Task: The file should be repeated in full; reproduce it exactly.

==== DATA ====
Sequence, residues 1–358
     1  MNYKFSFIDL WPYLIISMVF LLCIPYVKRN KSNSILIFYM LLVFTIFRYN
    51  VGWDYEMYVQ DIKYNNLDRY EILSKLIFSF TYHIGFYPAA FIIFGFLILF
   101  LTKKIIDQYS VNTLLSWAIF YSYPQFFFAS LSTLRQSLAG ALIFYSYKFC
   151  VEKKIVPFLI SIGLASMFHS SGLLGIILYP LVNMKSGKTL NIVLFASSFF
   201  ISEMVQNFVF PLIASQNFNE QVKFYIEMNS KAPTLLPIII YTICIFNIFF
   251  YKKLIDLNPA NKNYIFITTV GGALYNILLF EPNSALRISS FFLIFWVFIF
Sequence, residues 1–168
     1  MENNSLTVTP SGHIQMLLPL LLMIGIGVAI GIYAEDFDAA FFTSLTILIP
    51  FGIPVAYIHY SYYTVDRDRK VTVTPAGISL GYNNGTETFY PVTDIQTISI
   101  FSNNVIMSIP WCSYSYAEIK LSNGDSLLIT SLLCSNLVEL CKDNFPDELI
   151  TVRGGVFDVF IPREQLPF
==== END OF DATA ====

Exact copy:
Sequence, residues 1–358
     1  MNYKFSFIDL WPYLIISMVF LLCIPYVKRN KSNSILIFYM LLVFTIFRYN
    51  VGWDYEMYVQ DIKYNNLDRY EILSKLIFSF TYHIGFYPAA FIIFGFLILF
   101  LTKKIIDQYS VNTLLSWAIF YSYPQFFFAS LSTLRQSLAG ALIFYSYKFC
   151  VEKKIVPFLI SIGLASMFHS SGLLGIILYP LVNMKSGKTL NIVLFASSFF
   201  ISEMVQNFVF PLIASQNFNE QVKFYIEMNS KAPTLLPIII YTICIFNIFF
   251  YKKLIDLNPA NKNYIFITTV GGALYNILLF EPNSALRISS FFLIFWVFIF
Sequence, residues 1–168
     1  MENNSLTVTP SGHIQMLLPL LLMIGIGVAI GIYAEDFDAA FFTSLTILIP
    51  FGIPVAYIHY SYYTVDRDRK VTVTPAGISL GYNNGTETFY PVTDIQTISI
   101  FSNNVIMSIP WCSYSYAEIK LSNGDSLLIT SLLCSNLVEL CKDNFPDELI
   151  TVRGGVFDVF IPREQLPF